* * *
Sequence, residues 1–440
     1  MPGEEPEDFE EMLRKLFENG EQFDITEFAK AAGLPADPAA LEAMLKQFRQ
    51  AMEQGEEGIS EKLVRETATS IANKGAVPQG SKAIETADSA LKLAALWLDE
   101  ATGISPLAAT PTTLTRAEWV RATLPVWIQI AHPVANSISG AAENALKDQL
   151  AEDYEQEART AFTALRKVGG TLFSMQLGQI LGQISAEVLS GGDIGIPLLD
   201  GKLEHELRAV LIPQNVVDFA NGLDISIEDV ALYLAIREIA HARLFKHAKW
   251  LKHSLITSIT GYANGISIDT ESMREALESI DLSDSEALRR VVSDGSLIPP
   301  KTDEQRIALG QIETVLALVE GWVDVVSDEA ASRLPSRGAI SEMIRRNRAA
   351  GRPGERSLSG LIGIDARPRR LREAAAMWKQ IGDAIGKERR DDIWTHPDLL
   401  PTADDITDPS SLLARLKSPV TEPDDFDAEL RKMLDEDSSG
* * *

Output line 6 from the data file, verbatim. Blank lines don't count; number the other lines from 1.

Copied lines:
   201  GKLEHELRAV LIPQNVVDFA NGLDISIEDV ALYLAIREIA HARLFKHAKW